Imagine the distress of an 87-year-old North Carolina woman in a whirlwind of hospital visits and prescriptions.
It all started with a simple fall.
She visited the emergency room for lingering back pain, was diagnosed with sciatica, and was prescribed prednisone and a muscle relaxant. Little did she know that this was the beginning of a medical maze.
Later, she experienced delirium, stomach pain, severe diarrhea, and more hospital visits within days. Each symptom was treated with a new medication, which led to new side effects.
The Prescribing Cascade Unveiled
This story is a classic example of what is known as the “prescribing cascade.” It’s like a domino effect – one medication causes side effects, which are mistaken for a new ailment, leading to more prescriptions and, you guessed it, more side effects. It’s a vicious cycle, and the elderly are particularly vulnerable.
The Missing Link: Communication
One of the main issues here is the lack of communication and consultation. The doctors who prescribed the medications to the elderly lady did not consult the Beers Criteria, a guideline by the American Geriatrics Society that lists drugs that are often unsafe for older adults. This lack of consultation and the tendency to view each symptom in isolation can lead to a cascade of prescriptions.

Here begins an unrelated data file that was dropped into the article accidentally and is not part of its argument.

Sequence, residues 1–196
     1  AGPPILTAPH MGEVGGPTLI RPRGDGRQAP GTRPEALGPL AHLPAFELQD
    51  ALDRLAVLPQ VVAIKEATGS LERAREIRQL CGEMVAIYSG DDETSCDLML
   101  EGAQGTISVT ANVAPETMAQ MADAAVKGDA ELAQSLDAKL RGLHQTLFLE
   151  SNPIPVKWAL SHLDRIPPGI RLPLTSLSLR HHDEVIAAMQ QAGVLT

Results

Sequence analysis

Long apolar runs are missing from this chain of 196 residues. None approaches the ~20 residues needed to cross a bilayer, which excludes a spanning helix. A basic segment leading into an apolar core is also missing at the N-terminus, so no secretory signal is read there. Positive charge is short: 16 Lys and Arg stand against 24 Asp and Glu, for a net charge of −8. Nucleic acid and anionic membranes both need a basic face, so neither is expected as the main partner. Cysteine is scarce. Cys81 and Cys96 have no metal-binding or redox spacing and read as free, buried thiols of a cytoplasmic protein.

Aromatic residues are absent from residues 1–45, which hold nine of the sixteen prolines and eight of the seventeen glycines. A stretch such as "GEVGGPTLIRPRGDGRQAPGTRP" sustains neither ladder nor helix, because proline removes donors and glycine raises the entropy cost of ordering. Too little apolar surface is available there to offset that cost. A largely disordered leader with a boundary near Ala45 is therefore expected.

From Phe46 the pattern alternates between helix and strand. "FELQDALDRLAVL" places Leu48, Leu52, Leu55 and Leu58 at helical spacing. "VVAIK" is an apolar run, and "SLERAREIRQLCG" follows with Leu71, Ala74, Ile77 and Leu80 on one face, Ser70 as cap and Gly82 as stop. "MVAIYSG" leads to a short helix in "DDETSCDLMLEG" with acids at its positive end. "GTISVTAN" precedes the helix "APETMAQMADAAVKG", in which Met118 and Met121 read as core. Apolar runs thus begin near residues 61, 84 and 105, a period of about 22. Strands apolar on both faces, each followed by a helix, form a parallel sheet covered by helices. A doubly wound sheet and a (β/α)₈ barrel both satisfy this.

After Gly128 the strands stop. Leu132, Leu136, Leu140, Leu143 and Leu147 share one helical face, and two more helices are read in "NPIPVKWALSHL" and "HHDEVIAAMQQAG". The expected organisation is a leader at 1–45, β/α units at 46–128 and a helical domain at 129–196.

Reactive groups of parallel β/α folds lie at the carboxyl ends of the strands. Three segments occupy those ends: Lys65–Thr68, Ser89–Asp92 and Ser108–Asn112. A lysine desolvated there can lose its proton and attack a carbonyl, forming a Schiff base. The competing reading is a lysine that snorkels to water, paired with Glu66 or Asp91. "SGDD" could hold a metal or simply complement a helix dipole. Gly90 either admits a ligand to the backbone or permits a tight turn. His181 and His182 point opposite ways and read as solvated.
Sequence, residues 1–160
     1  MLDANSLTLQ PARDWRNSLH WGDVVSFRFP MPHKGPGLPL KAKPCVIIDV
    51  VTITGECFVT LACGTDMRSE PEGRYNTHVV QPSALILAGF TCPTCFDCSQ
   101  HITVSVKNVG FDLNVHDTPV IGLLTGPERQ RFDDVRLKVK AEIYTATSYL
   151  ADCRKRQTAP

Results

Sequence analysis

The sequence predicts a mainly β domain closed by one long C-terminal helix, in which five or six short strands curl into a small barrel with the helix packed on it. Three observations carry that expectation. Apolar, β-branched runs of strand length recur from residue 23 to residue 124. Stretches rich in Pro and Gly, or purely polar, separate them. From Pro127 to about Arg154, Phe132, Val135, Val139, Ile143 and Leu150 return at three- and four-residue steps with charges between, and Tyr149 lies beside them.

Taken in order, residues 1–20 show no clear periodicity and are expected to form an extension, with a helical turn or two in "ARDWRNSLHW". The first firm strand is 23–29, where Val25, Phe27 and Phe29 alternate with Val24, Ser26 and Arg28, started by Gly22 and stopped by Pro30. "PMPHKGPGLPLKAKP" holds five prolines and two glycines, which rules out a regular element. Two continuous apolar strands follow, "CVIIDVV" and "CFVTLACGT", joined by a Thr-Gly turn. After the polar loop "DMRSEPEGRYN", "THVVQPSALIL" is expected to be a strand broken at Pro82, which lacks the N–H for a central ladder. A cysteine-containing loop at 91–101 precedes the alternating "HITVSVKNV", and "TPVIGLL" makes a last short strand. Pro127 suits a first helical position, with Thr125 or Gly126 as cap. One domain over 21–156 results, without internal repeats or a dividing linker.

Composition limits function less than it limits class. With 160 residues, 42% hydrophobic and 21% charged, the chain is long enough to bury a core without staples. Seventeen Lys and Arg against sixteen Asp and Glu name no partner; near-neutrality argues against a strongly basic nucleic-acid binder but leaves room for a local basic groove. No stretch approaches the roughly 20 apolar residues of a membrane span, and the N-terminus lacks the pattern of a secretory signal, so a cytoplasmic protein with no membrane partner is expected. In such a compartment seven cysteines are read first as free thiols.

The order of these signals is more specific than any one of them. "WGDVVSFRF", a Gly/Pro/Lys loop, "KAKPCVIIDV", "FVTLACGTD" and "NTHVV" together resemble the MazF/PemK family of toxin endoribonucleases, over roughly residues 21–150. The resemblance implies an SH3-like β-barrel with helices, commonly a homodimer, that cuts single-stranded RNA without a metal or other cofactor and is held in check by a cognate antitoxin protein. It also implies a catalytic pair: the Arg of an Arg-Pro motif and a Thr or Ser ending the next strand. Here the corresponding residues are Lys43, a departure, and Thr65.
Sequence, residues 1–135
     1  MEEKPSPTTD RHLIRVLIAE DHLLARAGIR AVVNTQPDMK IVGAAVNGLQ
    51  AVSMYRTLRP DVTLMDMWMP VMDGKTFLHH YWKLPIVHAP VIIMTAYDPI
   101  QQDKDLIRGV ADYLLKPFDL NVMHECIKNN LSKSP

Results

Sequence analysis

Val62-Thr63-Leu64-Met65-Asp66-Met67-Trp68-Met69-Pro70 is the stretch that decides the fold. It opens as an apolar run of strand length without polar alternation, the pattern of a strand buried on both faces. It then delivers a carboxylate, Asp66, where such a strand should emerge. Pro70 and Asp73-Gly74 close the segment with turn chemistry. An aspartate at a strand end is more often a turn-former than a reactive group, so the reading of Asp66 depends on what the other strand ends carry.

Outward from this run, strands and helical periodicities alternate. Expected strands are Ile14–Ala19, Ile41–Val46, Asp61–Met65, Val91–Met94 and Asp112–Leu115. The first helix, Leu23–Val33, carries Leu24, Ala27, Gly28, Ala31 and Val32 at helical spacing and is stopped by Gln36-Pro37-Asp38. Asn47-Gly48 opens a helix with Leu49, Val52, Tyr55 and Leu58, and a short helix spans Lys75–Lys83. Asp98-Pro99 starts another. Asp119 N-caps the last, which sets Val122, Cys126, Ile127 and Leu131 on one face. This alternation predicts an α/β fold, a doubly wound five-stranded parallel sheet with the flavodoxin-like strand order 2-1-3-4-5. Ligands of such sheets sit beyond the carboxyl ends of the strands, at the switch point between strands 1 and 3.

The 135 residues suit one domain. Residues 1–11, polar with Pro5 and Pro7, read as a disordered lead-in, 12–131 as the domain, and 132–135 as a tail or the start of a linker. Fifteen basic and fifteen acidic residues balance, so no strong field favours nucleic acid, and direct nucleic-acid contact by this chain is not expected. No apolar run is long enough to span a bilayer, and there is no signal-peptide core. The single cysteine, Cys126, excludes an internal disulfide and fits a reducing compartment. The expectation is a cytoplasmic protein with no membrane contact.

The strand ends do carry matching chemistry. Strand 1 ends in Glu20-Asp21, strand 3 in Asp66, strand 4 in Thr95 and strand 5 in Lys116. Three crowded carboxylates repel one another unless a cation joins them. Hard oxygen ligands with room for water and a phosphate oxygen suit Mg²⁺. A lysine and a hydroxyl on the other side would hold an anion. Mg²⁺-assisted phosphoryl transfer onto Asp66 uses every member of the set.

Rethinking the Approach
Doctors are trained to diagnose and treat, but sometimes this mindset needs tweaking. Dr. Timothy Anderson, an internist at Beth Israel Deaconess Medical Center in Boston, states that doctors must consider whether a patient’s medication could be the problem.
This shift in thinking is crucial in avoiding the prescribing cascade.
Patients and their caregivers have a significant role in avoiding this cascade. Before accepting a prescription, it’s essential to ask questions:
- Could this symptom be a side effect of a medication I’m already taking?
- Is this new medication safe for me?
- Is there an alternative to this medication?
- Can I take a lower dose?
- Do I even need this medication?
Sometimes, the best medicine is no medicine at all. For conditions like high blood pressure, lifestyle changes can be beneficial. Shedding pounds, reducing salt, and eating potassium-rich foods can work wonders.
With the plethora of medications available, it’s easy to lose track. Patients must maintain an up-to-date list of all medications, including over-the-counter drugs and supplements.
This list should be shared with every healthcare provider they consult. It’s a simple step but can be a game-changer in preventing the prescribing cascade.
Wrapping It Up
The prescribing cascade is a real and daunting phenomenon, especially for the elderly. However, it can be avoided with a shift in thinking among healthcare providers, empowered and informed patients, and open communication.
It’s time to break the cycle and ensure that medications heal, not harm.